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Monday, 27 July 2020

The spin on the spin

There's been something of a triumph of spin on the EU's MFF share-out. Oh I don't mean the headlines, which we summarised last week, but the rationale. Spain and Italy get the biggest share for the next seven years because they have been hardest hit by Covid, the spin went. And hardly anyone said "Hold on - Covid hasn't gone. What if Poland goes down next year, or the Netherlands?"

Of course, as Rutte and Kurz know full well, Covid has been the cover for propping up the generous but unaffordable pension commitments in Spain and Italy. I told my old mate in the pub last night not to worry - Germany was paying for the mad Med pensions. He was just paying for Slovenia and Croatia. "What?

Austria pays €14bn into the MFF; Slovenia gets €1.2bn and Croatia €12.1bn. That's €1,580 from the purses of every Austrian and €2,969 into the wallets of every Croatian. "Croatia? Why do they need money? Have you seen the price of property there now? Their hotels cost the same as ours and are more fully booked, their trains are new, new stations, bridges - we paid for all that already".

I have my own suspicions - and they're around Tito's old nuclear power plant at Kr┼íko (say Crooshgo), shared between Croatia and Slovenia, due for decommissioning from 2023 but now extended for another twenty years. The EU insists it's safe, but our nuclear leak (and other civil emergencies) warning sirens are still tested every Saturday at 12 noon, and most folk have a 7-day course of Iodine pills in the first aid box.  More specifically, Croatia has a contractual obligation to take 50% of the nuclear waste by 2025, hasn't got anywhere to put it and Slovenia has run out of storage. That's my guess, anyhow.

That's the sort of thing that Covid is helping to hide. Don't tell the tourists headed for the Adriatic beaches that there's a nuclear waste dump behind the hotel, don't tell the punters hard at work in Munich that their taxes are being drunk by Luigi and Alphonse sitting in the sun outside their tavernas. Hey ho.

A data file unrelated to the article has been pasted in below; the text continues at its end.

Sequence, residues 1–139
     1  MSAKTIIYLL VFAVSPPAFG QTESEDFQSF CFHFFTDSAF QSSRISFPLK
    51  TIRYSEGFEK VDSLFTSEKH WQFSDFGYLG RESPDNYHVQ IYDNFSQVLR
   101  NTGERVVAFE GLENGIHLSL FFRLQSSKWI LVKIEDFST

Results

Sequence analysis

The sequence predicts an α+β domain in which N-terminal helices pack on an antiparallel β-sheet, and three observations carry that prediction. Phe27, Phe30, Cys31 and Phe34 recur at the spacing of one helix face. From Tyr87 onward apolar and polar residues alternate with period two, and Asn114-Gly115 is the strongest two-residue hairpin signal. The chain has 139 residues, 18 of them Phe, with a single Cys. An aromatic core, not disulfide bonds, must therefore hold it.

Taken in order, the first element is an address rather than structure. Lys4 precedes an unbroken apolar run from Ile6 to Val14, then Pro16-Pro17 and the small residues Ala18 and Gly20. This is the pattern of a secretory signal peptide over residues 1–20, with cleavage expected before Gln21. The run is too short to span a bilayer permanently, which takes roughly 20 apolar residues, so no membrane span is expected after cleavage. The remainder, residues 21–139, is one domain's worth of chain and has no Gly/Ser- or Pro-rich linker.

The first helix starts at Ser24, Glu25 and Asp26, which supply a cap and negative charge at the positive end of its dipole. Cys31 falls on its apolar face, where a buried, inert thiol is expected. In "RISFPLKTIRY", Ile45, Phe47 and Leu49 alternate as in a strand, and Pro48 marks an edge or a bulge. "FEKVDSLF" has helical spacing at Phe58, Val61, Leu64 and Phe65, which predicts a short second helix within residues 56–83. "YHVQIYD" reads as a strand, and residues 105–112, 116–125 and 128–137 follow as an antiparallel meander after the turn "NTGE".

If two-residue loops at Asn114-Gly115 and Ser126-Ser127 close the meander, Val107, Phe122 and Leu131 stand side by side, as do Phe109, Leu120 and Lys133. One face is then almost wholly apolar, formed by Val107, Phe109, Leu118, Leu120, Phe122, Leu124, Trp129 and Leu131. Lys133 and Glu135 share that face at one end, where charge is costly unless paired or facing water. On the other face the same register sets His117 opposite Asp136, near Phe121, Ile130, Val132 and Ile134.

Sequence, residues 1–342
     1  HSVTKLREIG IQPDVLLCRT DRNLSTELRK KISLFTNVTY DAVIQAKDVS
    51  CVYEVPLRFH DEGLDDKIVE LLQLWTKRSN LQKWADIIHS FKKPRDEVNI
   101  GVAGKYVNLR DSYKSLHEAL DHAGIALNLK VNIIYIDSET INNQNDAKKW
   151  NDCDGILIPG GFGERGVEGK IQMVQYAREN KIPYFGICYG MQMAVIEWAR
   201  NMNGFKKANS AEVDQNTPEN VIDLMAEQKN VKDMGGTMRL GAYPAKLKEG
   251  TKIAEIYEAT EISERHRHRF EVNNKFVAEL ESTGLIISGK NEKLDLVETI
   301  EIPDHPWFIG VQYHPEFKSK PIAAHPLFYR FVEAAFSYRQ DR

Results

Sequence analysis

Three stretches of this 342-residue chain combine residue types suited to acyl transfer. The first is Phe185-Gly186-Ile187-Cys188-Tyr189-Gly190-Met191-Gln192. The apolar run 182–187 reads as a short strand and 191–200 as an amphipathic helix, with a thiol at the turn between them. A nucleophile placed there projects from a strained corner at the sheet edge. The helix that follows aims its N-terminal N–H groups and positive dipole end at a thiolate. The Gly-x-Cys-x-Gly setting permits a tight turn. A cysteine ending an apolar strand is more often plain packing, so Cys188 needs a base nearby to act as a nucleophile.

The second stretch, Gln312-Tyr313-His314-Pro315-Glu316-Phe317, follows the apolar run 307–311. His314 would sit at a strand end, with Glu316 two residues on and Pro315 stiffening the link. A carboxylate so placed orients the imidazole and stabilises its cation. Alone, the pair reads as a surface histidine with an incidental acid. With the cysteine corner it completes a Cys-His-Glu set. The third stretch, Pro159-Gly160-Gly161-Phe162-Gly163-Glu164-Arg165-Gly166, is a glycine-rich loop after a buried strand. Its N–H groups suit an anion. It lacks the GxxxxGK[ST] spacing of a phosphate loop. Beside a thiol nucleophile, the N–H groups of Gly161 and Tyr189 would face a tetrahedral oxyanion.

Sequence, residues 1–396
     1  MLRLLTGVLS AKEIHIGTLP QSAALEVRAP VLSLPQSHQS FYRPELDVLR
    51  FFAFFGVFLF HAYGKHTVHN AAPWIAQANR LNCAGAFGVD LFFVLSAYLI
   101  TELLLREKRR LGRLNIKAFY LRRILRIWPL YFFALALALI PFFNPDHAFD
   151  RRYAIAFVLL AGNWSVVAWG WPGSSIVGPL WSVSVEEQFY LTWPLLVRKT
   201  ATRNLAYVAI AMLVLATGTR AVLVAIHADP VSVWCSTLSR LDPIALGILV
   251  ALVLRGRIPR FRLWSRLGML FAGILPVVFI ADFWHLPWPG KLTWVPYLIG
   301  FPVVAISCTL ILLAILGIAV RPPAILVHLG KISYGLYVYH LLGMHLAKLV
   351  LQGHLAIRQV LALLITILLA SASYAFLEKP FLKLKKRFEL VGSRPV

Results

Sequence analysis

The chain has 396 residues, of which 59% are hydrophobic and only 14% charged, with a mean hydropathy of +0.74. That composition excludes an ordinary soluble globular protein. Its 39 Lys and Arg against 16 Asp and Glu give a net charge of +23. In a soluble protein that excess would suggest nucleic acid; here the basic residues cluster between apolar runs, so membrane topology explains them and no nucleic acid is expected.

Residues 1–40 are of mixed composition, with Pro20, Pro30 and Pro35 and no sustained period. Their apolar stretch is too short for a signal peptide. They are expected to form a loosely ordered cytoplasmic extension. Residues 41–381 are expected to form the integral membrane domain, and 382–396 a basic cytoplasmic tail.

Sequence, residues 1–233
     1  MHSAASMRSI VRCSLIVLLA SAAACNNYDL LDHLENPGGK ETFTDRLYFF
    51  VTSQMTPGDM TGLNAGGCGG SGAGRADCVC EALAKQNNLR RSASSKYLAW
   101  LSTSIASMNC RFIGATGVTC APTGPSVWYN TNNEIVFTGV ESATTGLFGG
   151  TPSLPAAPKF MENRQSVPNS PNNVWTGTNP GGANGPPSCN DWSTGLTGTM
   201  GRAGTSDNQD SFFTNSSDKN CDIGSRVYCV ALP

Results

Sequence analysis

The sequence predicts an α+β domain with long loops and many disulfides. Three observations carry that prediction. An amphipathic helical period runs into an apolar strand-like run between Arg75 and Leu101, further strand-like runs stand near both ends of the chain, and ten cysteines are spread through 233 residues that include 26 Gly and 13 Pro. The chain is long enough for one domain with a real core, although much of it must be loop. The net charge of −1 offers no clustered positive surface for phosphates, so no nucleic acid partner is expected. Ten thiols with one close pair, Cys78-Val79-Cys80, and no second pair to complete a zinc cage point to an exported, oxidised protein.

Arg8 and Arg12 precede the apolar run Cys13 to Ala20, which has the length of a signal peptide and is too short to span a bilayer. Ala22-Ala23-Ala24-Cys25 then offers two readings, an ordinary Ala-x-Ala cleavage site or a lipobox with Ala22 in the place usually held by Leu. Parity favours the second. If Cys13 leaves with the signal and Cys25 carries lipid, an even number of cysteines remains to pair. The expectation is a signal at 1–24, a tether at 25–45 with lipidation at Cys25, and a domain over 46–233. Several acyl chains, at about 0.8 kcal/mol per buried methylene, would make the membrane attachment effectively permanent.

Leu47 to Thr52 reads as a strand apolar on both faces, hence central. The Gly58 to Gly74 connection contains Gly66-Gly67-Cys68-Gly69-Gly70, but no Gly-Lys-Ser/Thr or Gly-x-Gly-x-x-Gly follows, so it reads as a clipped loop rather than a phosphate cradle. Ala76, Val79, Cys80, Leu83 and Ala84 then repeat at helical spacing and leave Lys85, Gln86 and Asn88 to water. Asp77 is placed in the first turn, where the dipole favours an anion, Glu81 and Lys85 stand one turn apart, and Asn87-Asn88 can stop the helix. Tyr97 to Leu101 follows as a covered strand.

8 comments:

Sackerson said...

Malta seems to have got it right, from your graphic. Legacy of Dom Mintoff's arbitrage between Commies and the West?

DiscoveredJoys said...

It's typical EU ever-greater-union by stealth. The Germans pay more but keep their customers solvent and Spain and Italy are happy to receive more without thought for the conditions attached to the loans and grants.

How much more difficult would Brexit have been if we had been a net recipient of EU money?

Unknown said...

You make "nuclear waste" sound like something bad. What you are talking about is part-used fuel, which can be used in newer designs of power stations.

It is a valuable asset. Of course it needs to be stored safely until it is either used or sold to another country with more advanced technology.

Don Cox

Raedwald said...

Sorry Don you're right - too many episodes of the Simpsons, I fear ..

Ed P said...

What a shame the UK can no longer help with supporting the "level playing field" created by the Euro!

Anonymous said...

Must be good to live in a country which takes public health risks seriously, Raedwald.

You made the right choice, to ditch the UK for the European Union while you could, it seems.

Raedwald said...

Three errors in two lines, glad to see you're making an effort!

We love Europe. We loathe the EU. And if living most of the year offshore means paying taxes in two European countries, everyone wins!

Span Ows said...

The spending plans were always a sore point, now it just has another dimension. The Spanish were realy cheesed off in the mid 00s when they had to 'start paying'. All their lovely roads and progress etc built from German, British Dutch and Swedish taxes...